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Nelli Piattoeva


To academic friendships

What does one write in a professional blog commencing the long-awaited summer break and concluding the academic year one was dreading for the last five years – the year of one’s tenure evaluation? My initial plan was to list and substantiate ideas to develop the tenure-track (TT) system. I wanted to focus on TT support, evaluation transparency and legal protection. But I am putting this idea aside – there will be plenty of opportunities to share my critical observations with community in the coming years.

In an ongoing work with several colleagues regarding the nature of critique and criticality in academic research and beyond, we have come to differentiate between two notions of critique. One is critique as deconstruction and exposure, that is, critique that debunks. This “negative” critique is helpful and necessary for understanding oppressive structures, including the ones that we ourselves are subjected to and complicit in.

Another kind of critique is a “positive” critique that goes beyond deconstruction and instead focuses on and intensifies (thus “affirms”) something that is still arriving in the object of critique. This “something” remains unredeemed and may become or may be in the making as an alternative to what is.

My object of critique is still the TT system and neoliberal university but let me look at these from an affirmative, and a more personal perspective. There is no doubt that academia continues to be wrought with the culture of individualism, competition and precarity – and that TTs are particularly prone to experience all of these topped with a heavy load of often unclear expectations and uncertainties about “what really matters” (read “counts”).

But how does our sense of belonging, confidence, and overall desire to research and teach in these conditions endure?

In this blog I seek to pay tribute to and acknowledge the importance of academic camaraderie with my local and international colleagues, students, and staff that blend personal and professional worlds. Largely it is this tight network of people and the entanglements of our concerns and fears, but also our honesty, commitment and an incredible amount of mutual care that makes academic work appealing for me.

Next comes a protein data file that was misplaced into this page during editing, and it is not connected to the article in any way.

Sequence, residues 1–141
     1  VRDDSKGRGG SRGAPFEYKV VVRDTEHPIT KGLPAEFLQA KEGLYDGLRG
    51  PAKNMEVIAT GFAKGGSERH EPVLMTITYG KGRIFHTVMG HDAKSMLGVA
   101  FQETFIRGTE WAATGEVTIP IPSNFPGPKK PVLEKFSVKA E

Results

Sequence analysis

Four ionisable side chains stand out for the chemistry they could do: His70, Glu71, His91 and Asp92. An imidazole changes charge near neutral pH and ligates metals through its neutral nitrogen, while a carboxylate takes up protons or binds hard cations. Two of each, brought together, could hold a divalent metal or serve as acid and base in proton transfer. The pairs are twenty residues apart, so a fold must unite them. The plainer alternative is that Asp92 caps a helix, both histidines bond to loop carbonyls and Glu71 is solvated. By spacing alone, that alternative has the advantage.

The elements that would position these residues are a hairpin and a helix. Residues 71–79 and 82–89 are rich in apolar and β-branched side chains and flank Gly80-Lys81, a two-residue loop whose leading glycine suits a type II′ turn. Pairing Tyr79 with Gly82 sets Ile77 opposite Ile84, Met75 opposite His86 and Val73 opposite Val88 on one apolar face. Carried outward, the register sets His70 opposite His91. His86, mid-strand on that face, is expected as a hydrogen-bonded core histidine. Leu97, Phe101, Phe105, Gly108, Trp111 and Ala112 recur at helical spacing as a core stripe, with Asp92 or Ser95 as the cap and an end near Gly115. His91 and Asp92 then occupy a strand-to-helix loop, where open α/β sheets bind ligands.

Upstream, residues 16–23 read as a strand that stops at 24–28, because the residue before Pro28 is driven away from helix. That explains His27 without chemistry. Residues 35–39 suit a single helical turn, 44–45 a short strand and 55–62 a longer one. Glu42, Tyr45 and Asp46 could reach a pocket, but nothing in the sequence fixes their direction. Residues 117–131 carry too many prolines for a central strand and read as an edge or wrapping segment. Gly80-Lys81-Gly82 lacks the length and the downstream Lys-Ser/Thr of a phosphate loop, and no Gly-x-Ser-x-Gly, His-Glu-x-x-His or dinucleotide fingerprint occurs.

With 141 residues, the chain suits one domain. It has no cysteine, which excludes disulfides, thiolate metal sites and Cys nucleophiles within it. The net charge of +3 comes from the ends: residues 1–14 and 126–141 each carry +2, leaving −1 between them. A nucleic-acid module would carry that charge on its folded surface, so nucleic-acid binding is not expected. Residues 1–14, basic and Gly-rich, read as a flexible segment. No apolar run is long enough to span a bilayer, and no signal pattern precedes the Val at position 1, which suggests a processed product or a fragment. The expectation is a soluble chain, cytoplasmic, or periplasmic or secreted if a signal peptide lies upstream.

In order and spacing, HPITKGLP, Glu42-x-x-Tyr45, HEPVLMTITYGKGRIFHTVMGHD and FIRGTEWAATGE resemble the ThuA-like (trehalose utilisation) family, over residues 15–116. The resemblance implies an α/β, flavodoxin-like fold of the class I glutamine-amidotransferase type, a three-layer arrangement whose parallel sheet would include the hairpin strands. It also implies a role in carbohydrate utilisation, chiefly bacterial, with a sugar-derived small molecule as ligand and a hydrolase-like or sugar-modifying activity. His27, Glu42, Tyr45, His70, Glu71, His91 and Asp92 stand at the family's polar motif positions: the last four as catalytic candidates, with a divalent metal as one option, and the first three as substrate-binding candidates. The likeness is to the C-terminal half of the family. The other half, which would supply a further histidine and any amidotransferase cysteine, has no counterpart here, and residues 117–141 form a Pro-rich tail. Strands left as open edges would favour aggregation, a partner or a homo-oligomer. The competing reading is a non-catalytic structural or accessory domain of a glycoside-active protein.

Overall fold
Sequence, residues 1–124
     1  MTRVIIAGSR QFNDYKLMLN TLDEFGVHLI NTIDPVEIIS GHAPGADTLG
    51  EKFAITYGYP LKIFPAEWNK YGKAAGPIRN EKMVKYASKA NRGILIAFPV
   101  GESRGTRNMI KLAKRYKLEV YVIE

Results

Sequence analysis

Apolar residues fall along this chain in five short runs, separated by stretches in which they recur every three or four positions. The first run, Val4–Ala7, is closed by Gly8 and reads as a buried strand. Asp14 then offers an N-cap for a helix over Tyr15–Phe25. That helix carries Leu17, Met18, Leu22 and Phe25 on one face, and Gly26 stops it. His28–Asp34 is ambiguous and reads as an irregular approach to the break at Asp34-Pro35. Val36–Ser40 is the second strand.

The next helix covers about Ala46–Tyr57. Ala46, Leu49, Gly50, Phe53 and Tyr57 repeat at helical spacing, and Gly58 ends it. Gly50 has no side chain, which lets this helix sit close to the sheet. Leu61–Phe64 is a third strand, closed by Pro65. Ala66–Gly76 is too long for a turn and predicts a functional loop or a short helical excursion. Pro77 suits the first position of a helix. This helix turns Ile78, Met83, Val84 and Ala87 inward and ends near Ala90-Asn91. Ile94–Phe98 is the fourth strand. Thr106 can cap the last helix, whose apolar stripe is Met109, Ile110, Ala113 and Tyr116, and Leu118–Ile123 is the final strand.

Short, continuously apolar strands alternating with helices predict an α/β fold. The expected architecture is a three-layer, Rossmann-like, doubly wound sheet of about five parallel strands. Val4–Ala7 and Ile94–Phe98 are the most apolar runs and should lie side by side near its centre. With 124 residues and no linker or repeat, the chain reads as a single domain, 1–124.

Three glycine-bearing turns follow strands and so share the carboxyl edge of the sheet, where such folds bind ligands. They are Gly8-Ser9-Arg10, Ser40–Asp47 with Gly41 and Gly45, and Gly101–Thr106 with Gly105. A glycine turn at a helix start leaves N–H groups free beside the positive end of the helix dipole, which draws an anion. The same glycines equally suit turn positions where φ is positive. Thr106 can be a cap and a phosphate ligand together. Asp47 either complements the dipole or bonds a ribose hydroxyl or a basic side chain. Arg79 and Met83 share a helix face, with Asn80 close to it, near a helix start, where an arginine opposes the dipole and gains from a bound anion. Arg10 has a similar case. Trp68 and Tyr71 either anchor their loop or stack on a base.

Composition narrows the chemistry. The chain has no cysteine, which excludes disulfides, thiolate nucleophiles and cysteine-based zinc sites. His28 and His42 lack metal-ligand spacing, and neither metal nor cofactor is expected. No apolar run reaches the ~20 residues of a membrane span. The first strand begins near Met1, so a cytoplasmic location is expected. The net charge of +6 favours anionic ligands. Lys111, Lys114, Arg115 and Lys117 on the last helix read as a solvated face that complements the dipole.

Let me share a recent memory. On a regular busy working day my WhatsApp beeps with a message from a colleague: “I read this and thought of you”. I open my browser to read an online article. This line from the text stays with me for days “For them, the takeaway has been not that they needed each other to reach new heights, but that the support, knowledge, and community they found in each other made the lows a little less low, the highs a little higher, and helped each of them feel like they belonged.” It beautifully describes the academic friendship of six female, coincidently befriended, now tenured TTs working for the same academic institution but in different disciplines. I can relate to this article so much that I imagine substituting the names and faces in the article with the women I have come to think of and value as my academic friends.

There were many times when the TT process felt hard and there could have been a breaking point if there wasn’t a close-by or far-away academic friend to reach out to and share my vulnerability. These friends did not only generously offer their precious time to air my frustration and doubts, but repeatedly helped to understand how my experiences are shaped by the academic structures and made sure my confidence does not hang on my successes and failures in knowledge capitalism.

I do not shy away from sharing my ups and downs, and I regularly seek and give counsel. The best thing about academic friendships is that they span different career stages, ages, gender, and disciplines, offering a plethora of perspectives that sometimes confirm and at other times question my own. In our group chats, you might find us discussing everything from job applications, tenure evaluations, conferences, grant ideas or decisions, faculty meetings and academic dress codes to sharing what we have recently read and the interesting vacation places we have just visited.

We are inspired by and proud of each other’s achievements (personal and professional) and make sure to shout our acknowledgments loudly whenever we can - if only in a quick text message or a Tweet.

While competition, uncertainty and individualism lurk behind the corner, our occasional meetings and WhatsApp groups radiate mutuality, collegiality and incredible kindness.

Academic friendships must be brought to the spotlight, affirmed, and vigorously defended. These relationships are spaces where I believe another academic culture is still alive and well. Seasoned academics must make sure to share stories of their academic friendships and encourage younger scholars to build and nurture their own.

My academic friendships are what makes me look forward to returning to my desk in August.

Nelli Piattoeva is Associate Professor of Education at Tampere University.

Nelli Piattoeva

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